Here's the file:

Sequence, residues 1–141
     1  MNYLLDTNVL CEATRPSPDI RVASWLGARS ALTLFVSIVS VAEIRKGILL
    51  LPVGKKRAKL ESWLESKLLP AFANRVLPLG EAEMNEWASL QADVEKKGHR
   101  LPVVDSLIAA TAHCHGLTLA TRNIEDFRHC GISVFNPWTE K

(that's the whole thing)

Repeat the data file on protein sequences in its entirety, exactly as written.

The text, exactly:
Sequence, residues 1–141
     1  MNYLLDTNVL CEATRPSPDI RVASWLGARS ALTLFVSIVS VAEIRKGILL
    51  LPVGKKRAKL ESWLESKLLP AFANRVLPLG EAEMNEWASL QADVEKKGHR
   101  LPVVDSLIAA TAHCHGLTLA TRNIEDFRHC GISVFNPWTE K